A Bloomberg New Energy Finance (BNEF) report plots out global power markets for the next 25 years.

If accurate, solar energy will soon dominate, and electric cars will go mainstream.

The forecast states coal and gas are in terminal decline because of the “beautiful math” of declining solar and wind costs.

Peak Fossil Fuel Usage

In contrast to peak oil forecasts that have been in vogue, BNEF says the World is on the Brink of Peak Fossil Fuels for Electricity.

It’s not that we running out, but rather solar and wind will become so cheap, it will cost too much to use fossil fuels.

Here are the eight shifts BNEF sees coming.

1. There Will Be No Golden Age of Gas

The cost of wind and solar power are falling too quickly for gas ever to dominate on a global scale. “You can’t fight the future,” said Seb Henbest, the report’s lead author. “The economics are increasingly locked in.” The peak year for coal, gas, and oil: 2025.

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2. Renewables Attract $7.8 Trillion

Already in many regions the lifetime cost of wind and solar is less than the cost of building new fossil fuel plants, and that trend will continue. But by 2027, something remarkable happens. At that point, building new wind farms and solar fields will often be cheaper than running the existing coal and gas generators. “This is a tipping point that results in rapid and widespread renewables development,” according to BNEF. By 2028, batteries will be as ubiquitous as rooftop solar is today.

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3. Electric Cars Rescue Power Markets

By 2028, batteries will be as ubiquitous as rooftop solar is today.

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4. Batteries Join the Grid

The scale up of electric cars increases demand for renewable energy and drives down the cost of batteries. And as those costs fall, batteries can increasingly be used to store solar power. In expensive electricity markets like Hawaii, battery storage for solar already makes economic sense, and it won’t be long before that becomes the norm.

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5. Solar and Wind Prices Plummet

The chart below is arguably the most important chart in energy markets. It describes a pattern so consistent, and so powerful, industries set their clocks by it. It’s the beautiful math of declining solar costs.

The chart is on a logarithmic scale, so the declines are even more profound than at first glance. For every doubling in the world’s solar panels, costs fall by 26 percent, a number known as solar’s “learning rate.”

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6. Capacity Factors Go Wild

One of the fast-moving stories in renewable energy is the shifts in what’s known as the capacity factor. That’s the percentage of a power plant’s maximum potential that’s actually achieved over time.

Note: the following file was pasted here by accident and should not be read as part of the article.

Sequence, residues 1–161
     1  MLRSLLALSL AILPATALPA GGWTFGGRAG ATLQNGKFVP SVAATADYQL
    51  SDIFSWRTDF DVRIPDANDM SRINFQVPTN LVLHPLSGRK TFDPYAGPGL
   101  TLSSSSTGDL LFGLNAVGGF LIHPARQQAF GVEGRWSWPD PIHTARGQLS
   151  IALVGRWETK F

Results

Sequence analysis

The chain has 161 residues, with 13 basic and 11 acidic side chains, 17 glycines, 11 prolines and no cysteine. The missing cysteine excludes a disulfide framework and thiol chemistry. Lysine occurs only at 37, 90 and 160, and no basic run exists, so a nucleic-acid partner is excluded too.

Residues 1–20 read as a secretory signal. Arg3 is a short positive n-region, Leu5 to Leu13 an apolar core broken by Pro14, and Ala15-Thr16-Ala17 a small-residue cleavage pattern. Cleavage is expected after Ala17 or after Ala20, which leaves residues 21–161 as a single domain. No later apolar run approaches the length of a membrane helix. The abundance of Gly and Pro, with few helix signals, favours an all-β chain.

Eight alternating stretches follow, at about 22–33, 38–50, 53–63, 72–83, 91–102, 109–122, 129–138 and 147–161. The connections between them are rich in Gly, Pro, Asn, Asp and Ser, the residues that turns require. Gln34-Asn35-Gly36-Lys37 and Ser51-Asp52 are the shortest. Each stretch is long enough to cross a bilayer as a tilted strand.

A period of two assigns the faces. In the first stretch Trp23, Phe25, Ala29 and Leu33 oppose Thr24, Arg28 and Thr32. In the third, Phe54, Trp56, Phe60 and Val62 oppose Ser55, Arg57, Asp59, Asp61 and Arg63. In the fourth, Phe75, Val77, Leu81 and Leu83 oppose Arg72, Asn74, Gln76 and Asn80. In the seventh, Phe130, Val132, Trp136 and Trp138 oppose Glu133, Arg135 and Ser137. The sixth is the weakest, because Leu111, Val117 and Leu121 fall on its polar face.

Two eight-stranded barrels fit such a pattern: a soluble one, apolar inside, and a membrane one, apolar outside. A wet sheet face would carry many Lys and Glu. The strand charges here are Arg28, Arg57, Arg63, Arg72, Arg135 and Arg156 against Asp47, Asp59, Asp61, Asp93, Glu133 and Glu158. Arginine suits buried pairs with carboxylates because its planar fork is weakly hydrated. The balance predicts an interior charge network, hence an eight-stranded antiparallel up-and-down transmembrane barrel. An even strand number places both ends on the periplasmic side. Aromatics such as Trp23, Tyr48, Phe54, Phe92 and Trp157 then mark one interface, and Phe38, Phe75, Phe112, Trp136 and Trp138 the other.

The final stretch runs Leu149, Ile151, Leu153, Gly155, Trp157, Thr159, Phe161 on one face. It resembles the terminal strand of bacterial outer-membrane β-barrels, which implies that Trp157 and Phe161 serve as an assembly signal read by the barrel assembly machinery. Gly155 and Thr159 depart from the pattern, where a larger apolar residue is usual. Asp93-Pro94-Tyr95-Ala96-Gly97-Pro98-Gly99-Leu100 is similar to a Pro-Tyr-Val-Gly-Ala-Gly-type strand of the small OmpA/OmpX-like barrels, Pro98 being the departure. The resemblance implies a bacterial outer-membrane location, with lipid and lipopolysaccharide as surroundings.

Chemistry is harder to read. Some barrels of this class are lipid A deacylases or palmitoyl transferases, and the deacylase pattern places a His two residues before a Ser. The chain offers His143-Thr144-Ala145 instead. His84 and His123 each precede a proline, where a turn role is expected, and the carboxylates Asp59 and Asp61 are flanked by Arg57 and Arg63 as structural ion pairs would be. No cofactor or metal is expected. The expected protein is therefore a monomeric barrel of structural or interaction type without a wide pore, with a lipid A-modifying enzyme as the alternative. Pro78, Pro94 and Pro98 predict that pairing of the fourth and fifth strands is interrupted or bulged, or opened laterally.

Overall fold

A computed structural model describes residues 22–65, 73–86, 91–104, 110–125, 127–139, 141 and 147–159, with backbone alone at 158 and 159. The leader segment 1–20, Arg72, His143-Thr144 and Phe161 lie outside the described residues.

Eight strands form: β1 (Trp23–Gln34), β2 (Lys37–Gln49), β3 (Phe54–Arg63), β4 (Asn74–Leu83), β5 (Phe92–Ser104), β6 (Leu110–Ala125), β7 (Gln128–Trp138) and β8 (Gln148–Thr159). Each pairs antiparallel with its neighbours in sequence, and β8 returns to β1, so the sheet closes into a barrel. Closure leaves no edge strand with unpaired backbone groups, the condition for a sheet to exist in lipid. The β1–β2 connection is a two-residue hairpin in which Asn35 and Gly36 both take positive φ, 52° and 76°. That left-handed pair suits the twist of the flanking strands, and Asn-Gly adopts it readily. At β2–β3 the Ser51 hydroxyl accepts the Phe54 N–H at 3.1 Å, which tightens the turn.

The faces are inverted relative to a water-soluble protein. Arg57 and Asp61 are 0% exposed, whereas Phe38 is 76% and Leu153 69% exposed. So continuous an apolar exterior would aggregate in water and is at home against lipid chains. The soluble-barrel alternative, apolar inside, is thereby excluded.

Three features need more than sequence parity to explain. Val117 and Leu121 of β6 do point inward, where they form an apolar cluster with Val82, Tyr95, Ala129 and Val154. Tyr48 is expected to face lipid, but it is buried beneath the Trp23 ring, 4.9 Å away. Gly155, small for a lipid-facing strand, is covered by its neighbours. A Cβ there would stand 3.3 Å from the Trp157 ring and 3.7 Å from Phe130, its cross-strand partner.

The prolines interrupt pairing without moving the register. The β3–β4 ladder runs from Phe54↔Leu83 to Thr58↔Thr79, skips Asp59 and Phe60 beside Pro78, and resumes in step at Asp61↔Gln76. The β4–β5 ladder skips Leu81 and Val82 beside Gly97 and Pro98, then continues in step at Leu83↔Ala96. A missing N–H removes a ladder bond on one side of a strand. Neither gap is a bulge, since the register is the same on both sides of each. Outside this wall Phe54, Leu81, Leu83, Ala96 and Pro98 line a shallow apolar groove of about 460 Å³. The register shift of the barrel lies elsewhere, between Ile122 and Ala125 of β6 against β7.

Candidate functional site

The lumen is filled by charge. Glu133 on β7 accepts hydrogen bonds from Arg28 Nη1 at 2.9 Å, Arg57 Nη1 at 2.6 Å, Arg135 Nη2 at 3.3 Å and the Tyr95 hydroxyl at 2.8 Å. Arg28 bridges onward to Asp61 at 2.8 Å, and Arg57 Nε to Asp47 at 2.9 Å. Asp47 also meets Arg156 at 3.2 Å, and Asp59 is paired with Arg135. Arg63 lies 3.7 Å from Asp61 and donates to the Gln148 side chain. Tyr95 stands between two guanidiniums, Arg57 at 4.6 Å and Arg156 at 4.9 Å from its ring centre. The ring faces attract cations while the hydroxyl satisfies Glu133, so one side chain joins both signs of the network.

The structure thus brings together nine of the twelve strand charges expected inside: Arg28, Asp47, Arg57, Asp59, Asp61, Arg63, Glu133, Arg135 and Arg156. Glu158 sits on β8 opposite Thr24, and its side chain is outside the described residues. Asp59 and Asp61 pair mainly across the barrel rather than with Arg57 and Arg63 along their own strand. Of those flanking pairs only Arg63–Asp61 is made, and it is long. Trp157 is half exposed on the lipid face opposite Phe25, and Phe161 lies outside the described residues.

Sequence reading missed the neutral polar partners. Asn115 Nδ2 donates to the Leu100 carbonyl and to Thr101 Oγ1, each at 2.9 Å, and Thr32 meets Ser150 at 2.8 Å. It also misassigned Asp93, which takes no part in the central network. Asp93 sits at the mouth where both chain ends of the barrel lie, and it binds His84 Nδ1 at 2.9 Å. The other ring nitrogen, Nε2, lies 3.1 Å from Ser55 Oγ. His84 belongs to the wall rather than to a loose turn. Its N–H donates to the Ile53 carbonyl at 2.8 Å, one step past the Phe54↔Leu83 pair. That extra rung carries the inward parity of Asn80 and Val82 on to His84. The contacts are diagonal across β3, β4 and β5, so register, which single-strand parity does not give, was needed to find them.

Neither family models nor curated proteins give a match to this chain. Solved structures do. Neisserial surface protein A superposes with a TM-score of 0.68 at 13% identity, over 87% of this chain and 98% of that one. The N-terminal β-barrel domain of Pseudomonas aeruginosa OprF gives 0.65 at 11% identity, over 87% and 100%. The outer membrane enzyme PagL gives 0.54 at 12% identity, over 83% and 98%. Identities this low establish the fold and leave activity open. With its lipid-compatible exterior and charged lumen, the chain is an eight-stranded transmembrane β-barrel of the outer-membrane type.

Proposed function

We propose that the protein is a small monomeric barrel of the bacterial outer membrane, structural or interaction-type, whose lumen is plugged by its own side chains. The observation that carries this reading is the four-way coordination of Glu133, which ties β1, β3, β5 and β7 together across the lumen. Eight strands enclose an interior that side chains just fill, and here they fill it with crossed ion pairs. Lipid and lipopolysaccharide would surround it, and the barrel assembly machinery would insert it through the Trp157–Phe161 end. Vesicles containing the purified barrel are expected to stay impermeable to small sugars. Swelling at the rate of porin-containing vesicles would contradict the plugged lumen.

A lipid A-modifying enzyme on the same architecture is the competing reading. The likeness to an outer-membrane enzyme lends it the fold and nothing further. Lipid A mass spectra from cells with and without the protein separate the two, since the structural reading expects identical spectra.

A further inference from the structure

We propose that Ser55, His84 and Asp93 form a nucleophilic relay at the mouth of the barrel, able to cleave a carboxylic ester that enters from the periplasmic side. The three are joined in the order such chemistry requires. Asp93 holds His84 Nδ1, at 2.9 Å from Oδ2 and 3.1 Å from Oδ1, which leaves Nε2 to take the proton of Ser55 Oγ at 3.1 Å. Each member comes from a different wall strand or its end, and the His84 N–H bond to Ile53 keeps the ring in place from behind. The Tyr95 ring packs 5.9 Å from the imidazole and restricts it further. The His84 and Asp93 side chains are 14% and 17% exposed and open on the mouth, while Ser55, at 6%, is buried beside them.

Consider a wind farm. Even at high altitudes, the wind isn’t consistent and varies in strength with the time of day, weather, and the seasons. Here’s a watercolor plot of wind power capacity factors over time. Some wind farms in Texas are now achieving capacity factors of 50 percent, according to BNEF.

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7. A New Polluter to Worry About

China, the biggest and fastest-growing polluter, became a major global concern over the last few decades. But that perception is changing fast. China’s evolving economy and its massive shift from coal to renewables mean it will have the greatest reduction in carbon emissions of any country in the next 25 years, according to BNEF. That’s good news for the climate and is a significant change for the global energy outlook.

That leaves India, which is emerging as the biggest threat to efforts to curb climate change. India’s electricity demand is expected to increase fourfold by 2040, and the country will need to invest in a variety of energy sources to meet this overwhelming new demand. India has hundreds of millions of people with little or no access to electricity, and the country sits atop a mountain of coal. It intends to use it.

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8. The Transformation Continues

Without additional policy action by governments, global carbon dioxide emissions from the power sector will peak in the 2020s and remain relatively flat for the the foreseeable future. That’s not enough to prevent the surface of the Earth from heating more than 2 degrees Celsius, according to BNEF. That’s considered the point of no return for some of the worst consequences of climate change.

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Seven of Eight

That was one of the best Bloomberg articles I have seen in a long time.

BNEF laid out some nice ideas to consider, marred slightly with global warming nonsense in point eight.

If the report is even close to being accurate, geopolitical questions and concerns hit the spotlight.

Geopolitical Questions and Consequences

  1. How much carnage did the US needlessly cause in the Middle-East over oil?
  2. How quickly will the oil producing countries be in serious trouble?
  3. Are tensions with India about to pick up?
  4. Other than India (and perhaps even India), countries sitting on stockpiles of coal, may have little use for those stockpiles.

It remains to be seen if things play out that way, but if so, huge changes are coming, by 2025.

For trends of a different nature, please see Mary Meeker on Internet Trends – An Excellent Presentation.

Mike “Mish” Shedlock